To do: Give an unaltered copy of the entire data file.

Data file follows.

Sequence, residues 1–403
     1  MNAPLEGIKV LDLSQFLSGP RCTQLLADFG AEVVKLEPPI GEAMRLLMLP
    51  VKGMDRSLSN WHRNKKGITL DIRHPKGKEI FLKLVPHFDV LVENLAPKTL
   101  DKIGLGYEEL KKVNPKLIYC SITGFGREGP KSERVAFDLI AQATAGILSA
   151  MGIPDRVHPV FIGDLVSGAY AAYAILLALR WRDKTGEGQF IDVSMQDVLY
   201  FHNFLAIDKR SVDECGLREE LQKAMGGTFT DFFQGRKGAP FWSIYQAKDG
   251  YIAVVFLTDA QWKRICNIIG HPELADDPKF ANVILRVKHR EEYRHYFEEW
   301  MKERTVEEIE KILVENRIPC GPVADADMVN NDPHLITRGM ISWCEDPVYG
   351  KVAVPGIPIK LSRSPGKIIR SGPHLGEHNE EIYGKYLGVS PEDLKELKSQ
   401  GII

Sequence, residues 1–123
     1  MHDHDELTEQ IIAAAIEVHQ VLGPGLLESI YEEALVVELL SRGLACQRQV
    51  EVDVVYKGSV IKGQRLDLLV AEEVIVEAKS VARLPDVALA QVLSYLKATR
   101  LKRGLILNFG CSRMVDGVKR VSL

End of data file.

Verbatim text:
Sequence, residues 1–403
     1  MNAPLEGIKV LDLSQFLSGP RCTQLLADFG AEVVKLEPPI GEAMRLLMLP
    51  VKGMDRSLSN WHRNKKGITL DIRHPKGKEI FLKLVPHFDV LVENLAPKTL
   101  DKIGLGYEEL KKVNPKLIYC SITGFGREGP KSERVAFDLI AQATAGILSA
   151  MGIPDRVHPV FIGDLVSGAY AAYAILLALR WRDKTGEGQF IDVSMQDVLY
   201  FHNFLAIDKR SVDECGLREE LQKAMGGTFT DFFQGRKGAP FWSIYQAKDG
   251  YIAVVFLTDA QWKRICNIIG HPELADDPKF ANVILRVKHR EEYRHYFEEW
   301  MKERTVEEIE KILVENRIPC GPVADADMVN NDPHLITRGM ISWCEDPVYG
   351  KVAVPGIPIK LSRSPGKIIR SGPHLGEHNE EIYGKYLGVS PEDLKELKSQ
   401  GII

Sequence, residues 1–123
     1  MHDHDELTEQ IIAAAIEVHQ VLGPGLLESI YEEALVVELL SRGLACQRQV
    51  EVDVVYKGSV IKGQRLDLLV AEEVIVEAKS VARLPDVALA QVLSYLKATR
   101  LKRGLILNFG CSRMVDGVKR VSL